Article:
I am pleased to follow the hon. Gentleman the Member for Grimsby (Mr. Crosland) who brought a realistic note into the debate. I felt that before the hon. Gentleman spoke we had heard some rather exaggerated views. While some of those views are no doubt correct, I felt that some were rather exaggerated. The hon. Member for Grimsby mentioned that certain sections of the fishing industry were inclined to make too much of their case. It should be made clear that it is not so much the industry as a whole that does that but one or two of its spokesmen. Some of the letters that are sent out are exaggerated and it is often difficult to understand exactly what is the position.
Whenever we talk about subsidies we are inclined to think that the section of the industry about which we know most should have a bit more and that the others should have a little less. It is, therefore, rather easy to criticise the Government. On this occasion, however, we should not. Considering the economic position facing the country the subsidy position is not too bad on the whole.
We are to have the Fleck Report and the proposals that will emanate from it. We hope that they will be forthcoming in the near future. At the moment, I believe that we should take a much longer term view of what money is really needed to keep the industry as a prosperous going concern. I do not believe that changing things too much year by year will result in any good. There must be a long-term plan so that a proper basis may be worked out. I hope, therefore, that when we debate this matter again next year, or whenever it is, a long-term plan for subsidies will be produced by the Government so that we can look forward to the industry being so arranged that it can carry on in a prosperous way.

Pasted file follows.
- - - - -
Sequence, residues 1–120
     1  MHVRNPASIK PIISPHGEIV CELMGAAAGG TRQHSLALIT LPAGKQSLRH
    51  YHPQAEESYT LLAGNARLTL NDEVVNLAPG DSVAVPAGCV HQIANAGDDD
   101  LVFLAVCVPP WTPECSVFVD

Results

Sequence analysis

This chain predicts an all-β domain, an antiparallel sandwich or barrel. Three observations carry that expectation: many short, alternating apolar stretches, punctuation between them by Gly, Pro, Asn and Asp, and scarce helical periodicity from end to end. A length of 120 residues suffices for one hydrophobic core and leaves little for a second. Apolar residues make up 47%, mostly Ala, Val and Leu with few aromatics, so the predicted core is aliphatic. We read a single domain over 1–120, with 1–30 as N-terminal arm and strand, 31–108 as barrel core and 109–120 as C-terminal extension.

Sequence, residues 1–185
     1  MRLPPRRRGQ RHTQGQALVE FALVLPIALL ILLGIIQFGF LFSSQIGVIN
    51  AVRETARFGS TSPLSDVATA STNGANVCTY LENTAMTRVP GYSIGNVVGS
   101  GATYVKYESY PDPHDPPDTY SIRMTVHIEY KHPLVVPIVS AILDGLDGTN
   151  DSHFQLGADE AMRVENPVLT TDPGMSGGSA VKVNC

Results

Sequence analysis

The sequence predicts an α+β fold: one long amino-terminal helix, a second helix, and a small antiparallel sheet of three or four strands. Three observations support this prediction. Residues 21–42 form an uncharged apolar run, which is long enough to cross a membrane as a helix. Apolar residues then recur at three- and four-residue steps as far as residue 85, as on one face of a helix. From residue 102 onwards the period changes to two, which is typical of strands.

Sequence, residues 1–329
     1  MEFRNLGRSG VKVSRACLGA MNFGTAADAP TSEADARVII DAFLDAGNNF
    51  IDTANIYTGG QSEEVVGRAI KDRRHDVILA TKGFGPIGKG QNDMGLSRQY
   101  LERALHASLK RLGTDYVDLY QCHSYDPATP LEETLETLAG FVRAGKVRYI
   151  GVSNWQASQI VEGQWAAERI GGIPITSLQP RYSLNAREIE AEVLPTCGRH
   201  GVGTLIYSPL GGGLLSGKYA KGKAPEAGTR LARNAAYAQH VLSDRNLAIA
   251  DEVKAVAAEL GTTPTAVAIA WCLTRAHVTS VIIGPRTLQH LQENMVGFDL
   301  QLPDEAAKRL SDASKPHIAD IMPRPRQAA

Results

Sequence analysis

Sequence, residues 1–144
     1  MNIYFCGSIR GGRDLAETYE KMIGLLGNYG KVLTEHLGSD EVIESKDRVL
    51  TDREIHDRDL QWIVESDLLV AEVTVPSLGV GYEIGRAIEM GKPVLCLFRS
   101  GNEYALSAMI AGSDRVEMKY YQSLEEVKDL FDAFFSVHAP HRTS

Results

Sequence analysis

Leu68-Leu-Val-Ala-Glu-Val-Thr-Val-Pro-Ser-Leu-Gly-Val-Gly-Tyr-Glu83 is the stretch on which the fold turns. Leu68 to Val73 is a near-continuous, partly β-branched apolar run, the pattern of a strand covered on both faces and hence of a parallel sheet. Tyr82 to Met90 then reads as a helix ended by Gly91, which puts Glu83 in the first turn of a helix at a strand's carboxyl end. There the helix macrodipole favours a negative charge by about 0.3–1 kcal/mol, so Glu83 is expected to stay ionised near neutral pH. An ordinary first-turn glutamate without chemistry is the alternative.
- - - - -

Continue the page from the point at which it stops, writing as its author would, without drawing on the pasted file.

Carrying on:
One of the most frightening aspects at the moment is the question of catches going down. I represent Fleetwood and I must admit that we have not really suffered from the difficulties in the Faroes, and thus I am speaking from a point of view different from that of other hon. Members. Nevertheless, even our catches have gone down from the home waters. Comparing the first five months of 1960 with the first five months of 1961, the catch per ship has gone down by over 16 per cent. As I say, this is more worrying than anything else, especially when it is considered that the gross earnings from trips have gone down by over 3 per cent. When we were discussing this matter last January, the Minister stated that he hoped that catches would go up by 3·5 per cent. They have, instead, been going down—with all our modern equipment—and this is an extremely serious position.
I appreciate that there has been a gradual increase in oil and wage costs, and there has, equally, been an increase in running costs. The recent dock charges system in Fleetwood has cost the port an additional£45,000, and to a small port that is an extremely large sum. I hope that those who are concerned with these charges will remember that this is, after all, an industry which is being helped by the Government and that it should not be knocked too hard.
A question about which many people are rather muddled and to which the hon. Member for Banff (Sir W. Duthie) referred—and I have spoken to the Minister about this—is what subsidies are received by the different vessels that are doing the same jobs. There is a feeling that ships of under 140 ft. regularly fishing in distant waters should get exactly the same subsidy as larger distant water vessels. It is felt that anyone doing the same job should get the same subsidy, and I hope that my right hon. Friend will check to see whether anything can be done along these lines.